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[quote:9shb5qfh]James… you can read my overview of Purgatory here: http://www.religiousforums.com/forum/sh … post151743

The CURRENT RCC teaching about Purgatory has nothing to do with the medival theology of suffering and punishment for sin.

Purgatory is best understood as a process by which we are purged of our residual selfishness so that we can really become one with God…. the only “suffering” we experience is the suffering assosiated with the surrender of self to God’s will.

The Council of Florence’s Decree for the Greeks (1439) struck a careful balance between the Western concept of satisfaction and expiation and the Eastern emphasis on purification.

Hope this helps.

Scott[/quote:9shb5qfh]

Thanks. Then is this similar to our understanding that God’s love is a river of fire that is unavoidable and in which some are purified and become willingly one with God (the ‘state’ of Heaven) and some are ‘burnt’ because of their hatred for God and the inability to escape His love (Hell)? You see in this case I could see Purgatory as an over-rationalisation of the state of those who fit into neither extreme and who experience God after the particular judgement and before the Last Judgement, much as I see the ideas of Heaven and Hell as [i:9shb5qfh]places[/i:9shb5qfh] as an over-rationalisation.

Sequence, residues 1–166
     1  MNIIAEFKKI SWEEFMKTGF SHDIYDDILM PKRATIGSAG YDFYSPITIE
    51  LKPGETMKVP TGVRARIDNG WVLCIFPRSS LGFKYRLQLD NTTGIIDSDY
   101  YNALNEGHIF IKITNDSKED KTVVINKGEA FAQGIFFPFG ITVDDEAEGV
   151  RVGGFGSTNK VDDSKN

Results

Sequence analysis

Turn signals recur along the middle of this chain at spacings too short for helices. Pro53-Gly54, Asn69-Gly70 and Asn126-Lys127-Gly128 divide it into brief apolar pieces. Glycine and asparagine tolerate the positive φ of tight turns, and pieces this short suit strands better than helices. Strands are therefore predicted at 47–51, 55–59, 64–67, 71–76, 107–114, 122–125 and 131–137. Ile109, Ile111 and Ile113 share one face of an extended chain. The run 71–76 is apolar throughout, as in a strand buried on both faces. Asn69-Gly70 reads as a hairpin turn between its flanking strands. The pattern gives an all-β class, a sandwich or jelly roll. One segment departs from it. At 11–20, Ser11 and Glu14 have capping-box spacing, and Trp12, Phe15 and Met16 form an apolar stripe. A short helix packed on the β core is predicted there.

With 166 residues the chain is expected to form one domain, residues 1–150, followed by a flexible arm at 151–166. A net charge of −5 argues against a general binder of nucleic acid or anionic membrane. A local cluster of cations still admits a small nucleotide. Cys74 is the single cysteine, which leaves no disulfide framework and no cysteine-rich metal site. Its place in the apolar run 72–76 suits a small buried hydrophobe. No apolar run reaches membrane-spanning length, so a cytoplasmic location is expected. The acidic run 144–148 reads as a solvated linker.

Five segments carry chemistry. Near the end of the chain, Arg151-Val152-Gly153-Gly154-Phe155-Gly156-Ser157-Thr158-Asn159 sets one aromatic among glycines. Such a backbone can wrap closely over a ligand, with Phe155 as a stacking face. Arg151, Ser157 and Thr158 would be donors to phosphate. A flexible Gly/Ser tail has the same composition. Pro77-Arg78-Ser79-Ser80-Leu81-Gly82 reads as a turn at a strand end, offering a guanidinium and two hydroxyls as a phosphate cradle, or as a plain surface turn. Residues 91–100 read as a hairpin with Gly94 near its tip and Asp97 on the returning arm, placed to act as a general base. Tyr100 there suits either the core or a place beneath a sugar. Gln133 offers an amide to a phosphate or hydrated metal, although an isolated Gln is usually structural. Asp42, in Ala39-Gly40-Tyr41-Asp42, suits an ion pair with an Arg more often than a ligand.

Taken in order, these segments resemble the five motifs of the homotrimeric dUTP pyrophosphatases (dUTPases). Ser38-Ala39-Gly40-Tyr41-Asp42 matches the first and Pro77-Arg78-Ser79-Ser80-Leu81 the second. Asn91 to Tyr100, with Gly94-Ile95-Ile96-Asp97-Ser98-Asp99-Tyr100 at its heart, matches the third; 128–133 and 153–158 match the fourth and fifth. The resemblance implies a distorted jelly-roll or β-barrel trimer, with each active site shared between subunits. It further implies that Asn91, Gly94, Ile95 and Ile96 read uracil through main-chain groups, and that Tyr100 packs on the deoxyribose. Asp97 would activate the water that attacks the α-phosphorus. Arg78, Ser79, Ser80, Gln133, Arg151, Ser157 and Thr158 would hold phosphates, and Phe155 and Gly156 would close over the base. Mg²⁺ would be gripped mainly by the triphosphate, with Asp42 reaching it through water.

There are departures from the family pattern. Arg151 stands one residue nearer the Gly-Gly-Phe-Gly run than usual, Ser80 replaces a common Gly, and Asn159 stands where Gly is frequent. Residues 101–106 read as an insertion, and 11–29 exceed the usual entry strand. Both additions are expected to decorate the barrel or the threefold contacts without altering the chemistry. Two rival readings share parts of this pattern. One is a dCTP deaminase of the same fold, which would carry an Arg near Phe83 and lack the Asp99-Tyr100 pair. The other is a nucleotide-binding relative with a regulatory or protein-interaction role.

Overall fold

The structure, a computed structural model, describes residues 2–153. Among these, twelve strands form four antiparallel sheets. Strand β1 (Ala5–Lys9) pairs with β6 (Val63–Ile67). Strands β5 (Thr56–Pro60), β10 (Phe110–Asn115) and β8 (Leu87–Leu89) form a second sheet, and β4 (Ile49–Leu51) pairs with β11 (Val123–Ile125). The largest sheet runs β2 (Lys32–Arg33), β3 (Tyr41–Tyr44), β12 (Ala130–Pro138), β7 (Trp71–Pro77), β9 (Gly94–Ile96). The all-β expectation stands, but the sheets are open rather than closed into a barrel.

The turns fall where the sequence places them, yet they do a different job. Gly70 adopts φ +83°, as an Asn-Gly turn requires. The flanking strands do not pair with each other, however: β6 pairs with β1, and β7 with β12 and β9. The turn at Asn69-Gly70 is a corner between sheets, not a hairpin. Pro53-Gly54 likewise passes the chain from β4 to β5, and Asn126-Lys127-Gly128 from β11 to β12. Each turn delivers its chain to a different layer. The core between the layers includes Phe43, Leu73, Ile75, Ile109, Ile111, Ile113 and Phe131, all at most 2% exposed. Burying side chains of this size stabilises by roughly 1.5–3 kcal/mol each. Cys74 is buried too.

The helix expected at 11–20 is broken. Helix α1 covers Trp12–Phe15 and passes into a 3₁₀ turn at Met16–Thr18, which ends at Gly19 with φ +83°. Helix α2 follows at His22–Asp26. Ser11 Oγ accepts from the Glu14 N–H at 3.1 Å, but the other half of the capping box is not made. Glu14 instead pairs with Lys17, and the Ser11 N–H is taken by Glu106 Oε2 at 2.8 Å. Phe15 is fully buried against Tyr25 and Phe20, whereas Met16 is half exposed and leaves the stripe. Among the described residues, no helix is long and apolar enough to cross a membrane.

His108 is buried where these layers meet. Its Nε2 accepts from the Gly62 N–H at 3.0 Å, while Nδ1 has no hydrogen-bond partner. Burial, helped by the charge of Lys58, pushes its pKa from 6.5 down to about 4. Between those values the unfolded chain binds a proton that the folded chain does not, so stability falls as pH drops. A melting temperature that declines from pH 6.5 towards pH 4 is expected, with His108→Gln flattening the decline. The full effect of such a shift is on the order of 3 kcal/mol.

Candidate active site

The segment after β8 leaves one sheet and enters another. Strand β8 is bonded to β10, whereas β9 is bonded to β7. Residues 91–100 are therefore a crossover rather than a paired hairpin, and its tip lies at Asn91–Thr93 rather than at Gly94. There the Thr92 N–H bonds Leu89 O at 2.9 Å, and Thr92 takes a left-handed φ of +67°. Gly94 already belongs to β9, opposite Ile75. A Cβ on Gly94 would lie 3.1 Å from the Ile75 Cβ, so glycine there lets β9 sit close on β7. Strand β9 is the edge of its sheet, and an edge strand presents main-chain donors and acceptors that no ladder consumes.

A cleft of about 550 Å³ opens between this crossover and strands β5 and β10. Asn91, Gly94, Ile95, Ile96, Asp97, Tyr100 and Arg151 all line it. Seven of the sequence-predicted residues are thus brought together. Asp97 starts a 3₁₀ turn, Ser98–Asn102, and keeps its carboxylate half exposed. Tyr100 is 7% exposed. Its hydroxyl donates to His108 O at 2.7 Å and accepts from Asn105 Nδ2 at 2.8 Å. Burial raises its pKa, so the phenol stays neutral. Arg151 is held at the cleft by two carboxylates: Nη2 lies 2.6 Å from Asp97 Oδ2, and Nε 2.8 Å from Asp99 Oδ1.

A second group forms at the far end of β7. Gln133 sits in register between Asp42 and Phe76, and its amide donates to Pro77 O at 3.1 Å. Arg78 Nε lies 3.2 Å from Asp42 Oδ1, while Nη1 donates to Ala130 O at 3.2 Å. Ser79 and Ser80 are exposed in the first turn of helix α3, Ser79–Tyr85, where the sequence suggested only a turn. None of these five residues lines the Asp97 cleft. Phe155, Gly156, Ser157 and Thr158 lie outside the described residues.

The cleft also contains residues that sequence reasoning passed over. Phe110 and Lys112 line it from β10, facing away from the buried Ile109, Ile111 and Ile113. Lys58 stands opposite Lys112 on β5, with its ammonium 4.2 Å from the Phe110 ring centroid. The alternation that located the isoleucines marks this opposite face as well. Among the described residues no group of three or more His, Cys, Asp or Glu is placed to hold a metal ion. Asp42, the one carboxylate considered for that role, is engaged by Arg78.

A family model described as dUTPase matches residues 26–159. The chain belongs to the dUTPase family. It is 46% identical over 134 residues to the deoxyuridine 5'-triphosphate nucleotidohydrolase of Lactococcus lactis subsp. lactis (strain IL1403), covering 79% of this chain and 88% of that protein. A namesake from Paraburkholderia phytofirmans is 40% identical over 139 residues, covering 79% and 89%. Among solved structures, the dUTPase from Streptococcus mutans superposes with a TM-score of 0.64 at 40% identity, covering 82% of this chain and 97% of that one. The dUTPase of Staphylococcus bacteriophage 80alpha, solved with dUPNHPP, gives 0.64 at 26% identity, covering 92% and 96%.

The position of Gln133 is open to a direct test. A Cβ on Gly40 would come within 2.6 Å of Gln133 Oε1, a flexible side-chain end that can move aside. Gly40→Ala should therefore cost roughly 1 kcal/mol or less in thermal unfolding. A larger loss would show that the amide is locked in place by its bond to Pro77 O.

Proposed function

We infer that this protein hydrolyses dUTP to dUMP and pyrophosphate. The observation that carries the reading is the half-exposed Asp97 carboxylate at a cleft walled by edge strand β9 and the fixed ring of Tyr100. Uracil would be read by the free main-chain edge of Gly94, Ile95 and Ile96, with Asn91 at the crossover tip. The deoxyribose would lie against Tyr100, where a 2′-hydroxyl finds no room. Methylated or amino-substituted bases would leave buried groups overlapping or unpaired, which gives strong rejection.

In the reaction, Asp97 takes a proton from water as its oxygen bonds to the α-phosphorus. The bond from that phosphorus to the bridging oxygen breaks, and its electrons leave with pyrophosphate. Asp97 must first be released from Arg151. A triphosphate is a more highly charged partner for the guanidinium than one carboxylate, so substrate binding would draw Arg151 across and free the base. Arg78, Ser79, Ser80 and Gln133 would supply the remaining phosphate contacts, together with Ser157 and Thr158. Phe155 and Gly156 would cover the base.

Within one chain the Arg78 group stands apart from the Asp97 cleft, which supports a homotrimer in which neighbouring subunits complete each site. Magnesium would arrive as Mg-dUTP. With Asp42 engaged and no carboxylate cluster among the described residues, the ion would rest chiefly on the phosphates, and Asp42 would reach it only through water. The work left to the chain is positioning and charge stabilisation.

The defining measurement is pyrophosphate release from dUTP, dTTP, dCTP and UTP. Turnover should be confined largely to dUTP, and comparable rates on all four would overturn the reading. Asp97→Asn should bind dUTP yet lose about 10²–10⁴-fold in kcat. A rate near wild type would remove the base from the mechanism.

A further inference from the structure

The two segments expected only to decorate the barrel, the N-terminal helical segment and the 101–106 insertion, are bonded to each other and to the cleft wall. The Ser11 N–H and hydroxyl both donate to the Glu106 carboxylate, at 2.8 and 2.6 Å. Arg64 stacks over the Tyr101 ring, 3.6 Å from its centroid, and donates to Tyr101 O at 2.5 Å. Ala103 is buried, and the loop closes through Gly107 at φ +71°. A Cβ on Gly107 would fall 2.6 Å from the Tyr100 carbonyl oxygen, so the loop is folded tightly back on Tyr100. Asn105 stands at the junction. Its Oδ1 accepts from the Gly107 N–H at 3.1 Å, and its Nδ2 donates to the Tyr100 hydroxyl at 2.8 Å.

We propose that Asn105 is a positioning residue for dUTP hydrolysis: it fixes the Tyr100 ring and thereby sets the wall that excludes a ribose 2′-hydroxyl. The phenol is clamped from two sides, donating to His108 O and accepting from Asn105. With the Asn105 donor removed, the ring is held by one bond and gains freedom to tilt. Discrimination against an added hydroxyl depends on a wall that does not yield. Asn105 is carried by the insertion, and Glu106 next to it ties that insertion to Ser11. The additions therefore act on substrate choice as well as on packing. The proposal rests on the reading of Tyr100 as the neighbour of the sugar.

If this is the case, then I see no need for a purgatory teaching at all but would agree that the disagreement is mainly one of terminology. If not, then I’d appreciate further clarification. In either case, I do tend to find over-rationalisations dangerous. From my point of view there is a tendency in the west to over-philosophize theology (by no means confined to the RCC) which seems to stem from the belief that we can grasp God with our created intellect but, as St Gregory of Nyssa said, [i:9shb5qfh]”Anyone who tries to describe the ineffable Light in language is truly a liar – not because he hates the truth, but because of the inadequacy of his language.”[/i:9shb5qfh] Human reason and human language simply cannot grasp the nature of that which is outside creation and philosophy can never describe the Uncreated. I look forward to your reply (it seems as though we are getting somewhere at last) and leave you with another quote that somes up my feelings on the reachableness (is that a word?) of God:

“He may well be loved, but not thought. By love can He be caught and held, but by thinking never.” – [i:9shb5qfh]The Cloud of Unknowing[/i:9shb5qfh]

James